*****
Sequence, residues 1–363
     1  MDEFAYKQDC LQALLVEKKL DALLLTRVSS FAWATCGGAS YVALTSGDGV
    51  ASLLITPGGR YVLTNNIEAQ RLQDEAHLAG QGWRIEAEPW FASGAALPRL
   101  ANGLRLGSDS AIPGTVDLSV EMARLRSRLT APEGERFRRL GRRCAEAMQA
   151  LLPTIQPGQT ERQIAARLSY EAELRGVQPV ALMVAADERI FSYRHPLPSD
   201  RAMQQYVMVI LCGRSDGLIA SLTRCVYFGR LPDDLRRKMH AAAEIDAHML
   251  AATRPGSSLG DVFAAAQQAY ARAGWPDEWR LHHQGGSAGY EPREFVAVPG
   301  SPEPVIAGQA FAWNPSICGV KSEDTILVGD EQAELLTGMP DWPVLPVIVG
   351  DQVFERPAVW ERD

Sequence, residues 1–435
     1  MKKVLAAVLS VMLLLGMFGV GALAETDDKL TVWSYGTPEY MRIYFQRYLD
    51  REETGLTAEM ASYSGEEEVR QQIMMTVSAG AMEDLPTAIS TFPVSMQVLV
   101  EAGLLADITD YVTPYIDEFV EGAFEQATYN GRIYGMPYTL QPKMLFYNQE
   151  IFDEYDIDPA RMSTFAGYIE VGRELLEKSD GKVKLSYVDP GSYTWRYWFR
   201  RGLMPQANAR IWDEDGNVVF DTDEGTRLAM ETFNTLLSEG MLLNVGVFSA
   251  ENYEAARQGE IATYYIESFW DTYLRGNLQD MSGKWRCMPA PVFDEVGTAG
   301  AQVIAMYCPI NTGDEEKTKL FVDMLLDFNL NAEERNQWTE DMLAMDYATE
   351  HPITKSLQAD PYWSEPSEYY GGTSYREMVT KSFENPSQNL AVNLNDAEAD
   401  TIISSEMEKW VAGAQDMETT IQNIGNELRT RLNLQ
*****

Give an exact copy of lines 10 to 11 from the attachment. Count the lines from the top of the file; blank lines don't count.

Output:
Sequence, residues 1–435
     1  MKKVLAAVLS VMLLLGMFGV GALAETDDKL TVWSYGTPEY MRIYFQRYLD